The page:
The Church in the Middle Ages had become incredibly wealthy.  Over the centuries immense amounts of land had been left in wills and bequests to monasteries, parish churches, cathedral chapters, schools, and other religious institutions.  Unlike family lands which were always being both added to and divided by dowries and divisions among heirs, (and bequests to churches), the Church did not pay dowries nor did it leave lands by bequest to others.  Thus the Church and its various institutions only increased in wealth and property.  It was always the receiver, never the giver.  Of course, it did pay salaries, and not only to clergy but to vast numbers of servants and workers required to maintain the various institutions.  It also spent huge sums hiring stonemasons, carpenters, glaziers, smiths and others in the vast construction projects of the Middle Ages.  It made heavy purchases in everything from beer, wine, food, and clothing for its clergy and employees to silks, gold and silver and jewels, organs, incense and other requirements for services.  In other words, the Church was a vital part of the economy.  In addition to its lands and the revenues its properties generated in rents and leases, the Church depended on the non-voluntary contributions called tithes of everyone from small tenant-farmers to powerful merchants.  It was required by Church law and enforced by the civil officials called reeves that the Church got ten percent of your income.  As the Church grew richer—in some places owning up to a third of the land in a kingdom—and more opulent in its display of wealth, many—especially in the merchant class—began to resent that they had to pay these tithes when the Church seemed to be so wealthy.  With the rise of the urban business classes, people began wanting to reinvest their spare capital in order to make more money yet.  They were not happy in seeing their hard earned money going to an institution that seemed to have so much already.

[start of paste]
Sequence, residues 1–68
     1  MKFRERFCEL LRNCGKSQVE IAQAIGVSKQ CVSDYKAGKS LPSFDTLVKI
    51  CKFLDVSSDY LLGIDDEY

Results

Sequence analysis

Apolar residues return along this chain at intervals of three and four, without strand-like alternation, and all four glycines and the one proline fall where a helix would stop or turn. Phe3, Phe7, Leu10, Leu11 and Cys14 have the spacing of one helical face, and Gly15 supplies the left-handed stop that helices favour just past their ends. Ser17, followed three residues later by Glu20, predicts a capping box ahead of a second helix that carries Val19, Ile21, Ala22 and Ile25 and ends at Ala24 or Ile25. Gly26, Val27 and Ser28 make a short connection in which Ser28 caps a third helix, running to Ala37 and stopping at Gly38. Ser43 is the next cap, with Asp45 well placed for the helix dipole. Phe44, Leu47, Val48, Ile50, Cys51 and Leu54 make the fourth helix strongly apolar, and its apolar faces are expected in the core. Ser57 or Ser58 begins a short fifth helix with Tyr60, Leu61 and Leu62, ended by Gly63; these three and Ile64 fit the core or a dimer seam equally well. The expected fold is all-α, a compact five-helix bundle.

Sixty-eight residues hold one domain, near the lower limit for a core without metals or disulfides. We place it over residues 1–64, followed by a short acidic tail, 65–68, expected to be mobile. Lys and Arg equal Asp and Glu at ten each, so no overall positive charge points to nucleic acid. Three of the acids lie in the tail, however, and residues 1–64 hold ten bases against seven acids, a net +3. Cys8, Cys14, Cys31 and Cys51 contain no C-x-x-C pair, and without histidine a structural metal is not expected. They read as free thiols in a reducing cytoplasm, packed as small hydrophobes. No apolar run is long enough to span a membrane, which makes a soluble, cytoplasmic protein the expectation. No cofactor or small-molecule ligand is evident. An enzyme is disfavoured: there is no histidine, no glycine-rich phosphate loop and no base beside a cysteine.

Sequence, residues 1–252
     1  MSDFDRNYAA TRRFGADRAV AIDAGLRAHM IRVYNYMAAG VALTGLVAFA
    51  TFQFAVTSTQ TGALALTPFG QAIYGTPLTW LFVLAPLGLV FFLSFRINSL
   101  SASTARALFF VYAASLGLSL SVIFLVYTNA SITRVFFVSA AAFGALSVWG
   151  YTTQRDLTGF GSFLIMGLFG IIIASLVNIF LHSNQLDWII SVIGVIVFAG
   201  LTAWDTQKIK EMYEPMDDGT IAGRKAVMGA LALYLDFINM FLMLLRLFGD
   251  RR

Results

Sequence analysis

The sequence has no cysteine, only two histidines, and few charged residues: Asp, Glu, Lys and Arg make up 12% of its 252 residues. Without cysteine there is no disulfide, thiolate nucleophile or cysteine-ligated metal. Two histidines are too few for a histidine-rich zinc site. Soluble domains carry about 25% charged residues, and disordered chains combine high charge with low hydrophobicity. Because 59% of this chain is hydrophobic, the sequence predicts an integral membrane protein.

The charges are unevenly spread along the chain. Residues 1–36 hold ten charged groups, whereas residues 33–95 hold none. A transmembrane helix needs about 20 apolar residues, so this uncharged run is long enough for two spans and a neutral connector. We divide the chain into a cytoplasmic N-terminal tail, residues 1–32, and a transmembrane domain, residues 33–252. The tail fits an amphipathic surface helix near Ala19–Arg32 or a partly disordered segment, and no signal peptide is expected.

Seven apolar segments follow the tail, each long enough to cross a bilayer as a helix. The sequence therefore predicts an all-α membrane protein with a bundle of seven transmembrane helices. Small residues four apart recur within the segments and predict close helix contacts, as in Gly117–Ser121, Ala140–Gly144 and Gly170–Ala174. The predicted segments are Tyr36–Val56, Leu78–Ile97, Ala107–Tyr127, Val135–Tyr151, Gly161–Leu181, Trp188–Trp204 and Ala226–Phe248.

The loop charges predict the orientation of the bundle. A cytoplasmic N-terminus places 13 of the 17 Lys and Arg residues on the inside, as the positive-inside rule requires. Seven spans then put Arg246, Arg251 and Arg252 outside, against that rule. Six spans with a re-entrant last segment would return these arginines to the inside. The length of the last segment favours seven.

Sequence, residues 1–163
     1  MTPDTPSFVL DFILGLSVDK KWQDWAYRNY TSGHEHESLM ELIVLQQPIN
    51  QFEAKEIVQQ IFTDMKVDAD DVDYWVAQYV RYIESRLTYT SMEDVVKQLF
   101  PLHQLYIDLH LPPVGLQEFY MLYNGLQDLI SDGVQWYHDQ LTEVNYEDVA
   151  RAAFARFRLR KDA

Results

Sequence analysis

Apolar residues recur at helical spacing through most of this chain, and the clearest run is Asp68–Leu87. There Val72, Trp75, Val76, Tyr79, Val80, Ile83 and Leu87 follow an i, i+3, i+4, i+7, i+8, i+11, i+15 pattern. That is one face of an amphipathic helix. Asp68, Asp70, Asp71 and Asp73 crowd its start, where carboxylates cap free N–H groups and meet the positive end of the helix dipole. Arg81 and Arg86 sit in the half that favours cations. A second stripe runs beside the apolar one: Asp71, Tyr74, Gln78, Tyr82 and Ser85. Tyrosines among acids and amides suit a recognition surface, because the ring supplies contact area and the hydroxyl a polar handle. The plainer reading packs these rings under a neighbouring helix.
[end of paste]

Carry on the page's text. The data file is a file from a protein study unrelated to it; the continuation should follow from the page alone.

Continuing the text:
Another reason for the lack of respect of the clergy is that in the early and central Middle Ages, that is from the eighth through the thirteenth centuries, the priest was most often among the best educated, or even in some places, the only educated person, in the town or village.  Even where the priest was no more educated than the peasants he served, his guardianship of the Sacred and his control of the Rites was seen as giving him a quasi-magical power.  But from the twelfth century on, with the economic revolution in Europe that created a strong and vibrant middle class, the educational level in European society rose fast.  Laity began to read and study—and develop areas of expertise such as law and economics.  Educationally the clergy began to meet their peers among their congregants.  Even in the rural areas reason began to replace superstition and magic.  No longer did the word of the priest have authority simply because he was a priest.  His words were weighed for their value as they corresponded to the knowledge and insight of his listeners.  An individual priest might be respected for his intelligence and wisdom but by no means was such respect automatic; much less would respect be given simply because a person was a priest.  In fact, people did not hesitate to question the opinion of a priest and counter with their own insights from their experience and from common sense.   It was a new age and not all the clergy recognized that their control over the faithful had eroded.   

Monday, May 16, 2011

Roots of the Reformation XIII: Clericalism, Cardinal Law and the Fall of the Church

We need to ask ourselves if this is the model
 of Church that will advance evangelization
in the 21st century
I want to stress that this blog is not oriented to Catholic doctrine or theology but is a historical commentary.  Historical commentary involves using the lessons of history to interpret present phenomenon.   History is not about the past.  Those who are interested in the past for its own sake or out of curiosity are antiquarians.  History studies and analyzes the past as a tool to understand the present and the options the future presents to us.